The Physics of Walking on Water

Featuring a group of friends running on top of the water, "Liquid Mountaineering" was an international sensation on YouTube, getting more than 4.5 millions hits in just over a month. But this week it was confirmed a hoax by the shoe company prominently featured in the video. It's a viral advertisement. But it looked so real! Popular Mechanics takes a look at the biomechanics of walking on water and why the Jesus Lizard can do it and we can't.

Jamaican runner Usain Bolt, the current world record holder for the 100-meter sprint, ran 10.4 meters per second. But J.W. Glasheen and T.A. McMahon, two Harvard biologists who studied how the basilisk runs on water, found that in order to mimic the lizard, a human would need to run at almost 30 meters per second, "a velocity beyond human ability." A man would also need "an average power output almost 15 times greater than the maximum sustained power output for humans."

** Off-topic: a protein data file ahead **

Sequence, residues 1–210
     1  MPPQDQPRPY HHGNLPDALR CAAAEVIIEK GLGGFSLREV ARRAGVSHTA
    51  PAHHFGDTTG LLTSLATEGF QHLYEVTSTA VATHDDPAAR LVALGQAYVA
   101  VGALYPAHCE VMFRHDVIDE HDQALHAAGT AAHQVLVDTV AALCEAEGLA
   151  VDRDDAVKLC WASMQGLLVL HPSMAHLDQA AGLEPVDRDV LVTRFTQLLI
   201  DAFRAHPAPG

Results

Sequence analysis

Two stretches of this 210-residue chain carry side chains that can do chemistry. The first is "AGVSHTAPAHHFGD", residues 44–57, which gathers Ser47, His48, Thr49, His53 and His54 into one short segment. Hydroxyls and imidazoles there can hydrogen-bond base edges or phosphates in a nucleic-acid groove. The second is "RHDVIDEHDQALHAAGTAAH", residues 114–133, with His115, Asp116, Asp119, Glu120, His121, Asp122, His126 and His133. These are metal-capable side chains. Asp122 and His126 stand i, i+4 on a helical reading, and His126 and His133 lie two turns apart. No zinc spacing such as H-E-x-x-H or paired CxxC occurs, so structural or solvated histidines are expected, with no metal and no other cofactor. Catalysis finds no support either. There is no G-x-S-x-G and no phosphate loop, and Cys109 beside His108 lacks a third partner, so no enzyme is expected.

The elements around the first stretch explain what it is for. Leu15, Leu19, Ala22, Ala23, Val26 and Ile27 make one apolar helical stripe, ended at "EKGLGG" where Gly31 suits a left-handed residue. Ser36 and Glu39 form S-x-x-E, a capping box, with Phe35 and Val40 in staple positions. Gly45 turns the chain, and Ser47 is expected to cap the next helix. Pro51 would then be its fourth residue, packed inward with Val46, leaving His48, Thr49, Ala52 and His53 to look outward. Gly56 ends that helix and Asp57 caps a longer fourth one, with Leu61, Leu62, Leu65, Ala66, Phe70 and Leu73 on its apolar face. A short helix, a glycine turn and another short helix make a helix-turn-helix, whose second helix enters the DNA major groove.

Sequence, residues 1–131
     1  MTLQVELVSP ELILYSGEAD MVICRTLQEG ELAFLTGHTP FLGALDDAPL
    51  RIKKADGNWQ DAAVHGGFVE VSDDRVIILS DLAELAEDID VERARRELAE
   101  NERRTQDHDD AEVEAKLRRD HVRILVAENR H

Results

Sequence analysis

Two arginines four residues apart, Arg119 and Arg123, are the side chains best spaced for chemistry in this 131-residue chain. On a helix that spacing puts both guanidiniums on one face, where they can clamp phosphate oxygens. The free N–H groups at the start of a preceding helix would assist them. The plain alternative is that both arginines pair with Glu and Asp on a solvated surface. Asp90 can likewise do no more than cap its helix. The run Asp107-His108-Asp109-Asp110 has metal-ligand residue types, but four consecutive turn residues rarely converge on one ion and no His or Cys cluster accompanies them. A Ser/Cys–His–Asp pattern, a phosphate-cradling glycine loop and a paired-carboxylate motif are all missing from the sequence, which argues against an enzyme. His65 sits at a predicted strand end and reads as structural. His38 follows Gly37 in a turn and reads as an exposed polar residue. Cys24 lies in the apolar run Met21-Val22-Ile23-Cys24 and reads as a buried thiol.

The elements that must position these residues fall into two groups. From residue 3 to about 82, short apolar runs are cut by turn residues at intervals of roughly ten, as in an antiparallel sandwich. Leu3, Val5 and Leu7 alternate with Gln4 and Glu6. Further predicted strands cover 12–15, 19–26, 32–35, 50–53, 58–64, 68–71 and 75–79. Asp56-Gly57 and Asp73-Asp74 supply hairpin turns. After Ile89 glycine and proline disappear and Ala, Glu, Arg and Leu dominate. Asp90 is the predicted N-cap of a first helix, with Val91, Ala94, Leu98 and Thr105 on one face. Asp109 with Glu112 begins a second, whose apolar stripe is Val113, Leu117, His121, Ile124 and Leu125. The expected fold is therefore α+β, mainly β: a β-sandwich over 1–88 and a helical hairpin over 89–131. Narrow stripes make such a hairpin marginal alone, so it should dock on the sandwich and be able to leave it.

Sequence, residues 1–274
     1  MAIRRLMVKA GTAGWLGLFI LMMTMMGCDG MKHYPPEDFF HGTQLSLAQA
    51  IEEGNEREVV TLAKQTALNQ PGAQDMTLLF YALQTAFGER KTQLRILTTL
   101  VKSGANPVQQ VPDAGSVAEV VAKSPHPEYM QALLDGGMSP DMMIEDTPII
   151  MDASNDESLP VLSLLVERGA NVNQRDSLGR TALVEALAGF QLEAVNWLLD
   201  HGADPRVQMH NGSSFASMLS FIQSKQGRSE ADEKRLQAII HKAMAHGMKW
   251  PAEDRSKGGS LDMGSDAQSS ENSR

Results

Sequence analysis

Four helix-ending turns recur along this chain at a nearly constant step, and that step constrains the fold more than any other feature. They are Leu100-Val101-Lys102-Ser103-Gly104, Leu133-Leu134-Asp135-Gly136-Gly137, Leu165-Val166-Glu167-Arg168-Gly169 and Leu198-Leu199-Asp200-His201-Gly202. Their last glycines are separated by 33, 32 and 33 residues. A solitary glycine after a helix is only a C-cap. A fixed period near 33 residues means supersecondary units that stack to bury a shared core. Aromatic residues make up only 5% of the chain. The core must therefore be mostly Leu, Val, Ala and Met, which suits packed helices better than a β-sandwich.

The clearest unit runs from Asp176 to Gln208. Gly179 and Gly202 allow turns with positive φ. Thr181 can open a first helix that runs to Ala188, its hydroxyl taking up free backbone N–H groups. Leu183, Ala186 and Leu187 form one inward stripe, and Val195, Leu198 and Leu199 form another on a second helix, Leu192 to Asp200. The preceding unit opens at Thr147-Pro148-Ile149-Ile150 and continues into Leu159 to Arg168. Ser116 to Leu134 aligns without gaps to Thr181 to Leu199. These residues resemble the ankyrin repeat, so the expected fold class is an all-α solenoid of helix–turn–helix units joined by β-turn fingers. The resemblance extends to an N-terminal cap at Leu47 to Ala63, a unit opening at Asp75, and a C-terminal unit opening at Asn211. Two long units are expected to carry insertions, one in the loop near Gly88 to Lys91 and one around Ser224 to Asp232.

From the Upcoming ueue, submitted by telegraph.

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